HOOSICK FALLS >> Students at Hoosick Falls Central School added their voices Friday to the controversy over the contamination of the village water supply, calling on Gov. Andrew Cuomo to "keep your promise" and help the village.
At a morning news conference in the school auditorium, a dozen student leaders spoke to the entire junior-senior high school student body and demanded four steps be taken by Cuomo and his administration to address the presence of high levels of perfluorooctanoic acid, a cancer-causing chemical, in the three wells that provide water to the village:
— Find a new source for the village's drinking water that is free of all traces of PFOA
— Demand that Saint-Gobain Performance Plastics and Honeywell Internation — identified by state and federal officials as the companies responsible for the contamination — immediately sign a consent order that would allow the village to seek out that source and have it ready to supply the village water system within a year
— Include money in the upcoming state budget to pay for that work, with the state later collecting the cost from the two companies
— Connect the school campus to the village water system after the source is moved to protect it from future contamination
"We believe we have waited long enough," said student Stephanie Merwin. "We need an immediate solution. We need an immediate plan. The answer is a new water source, and the time to do it is now.
"This is not a selfish request; it is a moral imperative. Please let our voices be heard. Governor, as our lobbyist, please keep your promise."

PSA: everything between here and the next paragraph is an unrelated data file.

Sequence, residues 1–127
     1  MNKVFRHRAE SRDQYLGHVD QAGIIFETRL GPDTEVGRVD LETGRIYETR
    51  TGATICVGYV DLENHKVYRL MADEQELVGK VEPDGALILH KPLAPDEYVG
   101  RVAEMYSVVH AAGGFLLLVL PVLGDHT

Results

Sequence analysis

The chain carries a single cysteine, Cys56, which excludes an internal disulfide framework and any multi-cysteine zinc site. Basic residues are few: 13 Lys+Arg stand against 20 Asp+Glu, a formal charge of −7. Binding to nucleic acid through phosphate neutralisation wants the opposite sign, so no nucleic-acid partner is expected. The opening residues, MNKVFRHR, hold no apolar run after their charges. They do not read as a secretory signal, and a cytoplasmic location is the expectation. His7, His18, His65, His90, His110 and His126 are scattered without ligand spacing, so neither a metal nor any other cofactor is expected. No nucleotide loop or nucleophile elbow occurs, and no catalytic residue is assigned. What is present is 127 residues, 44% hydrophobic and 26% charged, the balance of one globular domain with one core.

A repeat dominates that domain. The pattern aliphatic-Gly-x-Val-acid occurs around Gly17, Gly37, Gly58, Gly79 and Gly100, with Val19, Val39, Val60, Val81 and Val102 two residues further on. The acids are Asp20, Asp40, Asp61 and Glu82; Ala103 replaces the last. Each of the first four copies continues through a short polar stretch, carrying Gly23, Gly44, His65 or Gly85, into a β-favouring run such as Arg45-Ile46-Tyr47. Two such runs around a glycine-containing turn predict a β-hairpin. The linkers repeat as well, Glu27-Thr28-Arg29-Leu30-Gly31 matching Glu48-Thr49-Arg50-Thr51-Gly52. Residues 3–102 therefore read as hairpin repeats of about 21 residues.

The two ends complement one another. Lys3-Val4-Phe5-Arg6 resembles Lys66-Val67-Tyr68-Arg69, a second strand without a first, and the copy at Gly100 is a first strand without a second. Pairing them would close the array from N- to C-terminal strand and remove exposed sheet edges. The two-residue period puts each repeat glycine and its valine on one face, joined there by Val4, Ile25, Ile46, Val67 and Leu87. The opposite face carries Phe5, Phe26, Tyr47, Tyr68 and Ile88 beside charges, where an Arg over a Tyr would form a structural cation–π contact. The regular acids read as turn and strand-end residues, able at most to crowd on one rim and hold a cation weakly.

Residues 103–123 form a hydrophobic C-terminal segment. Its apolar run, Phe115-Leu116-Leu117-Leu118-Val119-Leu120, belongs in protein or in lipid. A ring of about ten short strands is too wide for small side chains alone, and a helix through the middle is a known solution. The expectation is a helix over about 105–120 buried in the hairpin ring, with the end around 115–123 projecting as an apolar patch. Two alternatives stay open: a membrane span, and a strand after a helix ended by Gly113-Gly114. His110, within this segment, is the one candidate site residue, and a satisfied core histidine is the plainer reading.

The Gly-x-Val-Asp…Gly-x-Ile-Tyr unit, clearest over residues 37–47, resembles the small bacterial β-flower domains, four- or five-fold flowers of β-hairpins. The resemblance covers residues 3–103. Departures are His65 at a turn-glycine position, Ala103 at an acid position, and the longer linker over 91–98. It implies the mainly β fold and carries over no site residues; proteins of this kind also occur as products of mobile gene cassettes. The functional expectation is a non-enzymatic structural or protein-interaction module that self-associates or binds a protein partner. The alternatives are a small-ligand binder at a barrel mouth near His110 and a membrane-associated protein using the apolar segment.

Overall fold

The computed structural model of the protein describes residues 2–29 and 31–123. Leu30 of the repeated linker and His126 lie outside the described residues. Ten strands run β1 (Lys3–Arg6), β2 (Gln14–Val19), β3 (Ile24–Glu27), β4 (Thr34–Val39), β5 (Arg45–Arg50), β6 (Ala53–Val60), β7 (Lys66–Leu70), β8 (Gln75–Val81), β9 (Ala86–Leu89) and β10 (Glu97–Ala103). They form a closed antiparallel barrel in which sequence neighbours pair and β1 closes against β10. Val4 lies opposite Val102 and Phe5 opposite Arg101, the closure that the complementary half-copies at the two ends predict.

PFOA is a toxic chemical used for decades primarily to make Teflon coating for cookware. Samples from the village water system, which serves about 4,900 people, had PFOA levels that exceeded the EPA's provisional health advisory of 400 parts per trillion in each liter of water. Some studies have linked PFOA to certain types of cancer, and the EPA is considering regulating it under the federal Safe Drinking Water Act.
The state Health Department initially declared village water safe to drink, but the EPA recommended in December that it not be used for cooking or drinking because of the presence of PFOA and that private well owners have their water tested for contamination. After the EPA stepped in, the state proclaimed the Saint-Gobain plant on McCaffrey Street as a Superfund site, eligible for state and federal assistance in cleanup efforts. But students warned that only a small number of Superfund sites have seen any activity.
"Superfund status does not guarantee a safe solution," said student Jeff Brewer.
Documents recently made public indicate village officials may have been aware of possible contamination as early as the spring of 2014, but critics say the village was slow to acknowledge the problem and inform the public. Village officials deny any effort to cover up the problem and say they shared information with the public as soon as they received it.
"To this day, no village official has said the water is not safe to drink," said student Will Clifford, "and to this date, no village official has offered a safe alternative."
The students said they wrote to their local representatives at both the state and federal level, asking that they push Cuomo to act quickly and decisively, but so far have only received responses from state Sen. Kathy Marchione, R-Halfmoon, and U.S. Rep. Chris Gibson, R-Kinderhook.
"If the governor won't come to us and give us the solution we need, we will go to him," pledged student Jocelyn Harwood.
Superintendent Kenneth Facin said the district is going to install a carbon filtration system similar to one that will be installed at the village water treatment plant, but students said they could not accept that as a permanent solution.
"We need unquestionably clear water to make us feel safe again," Brewer concluded.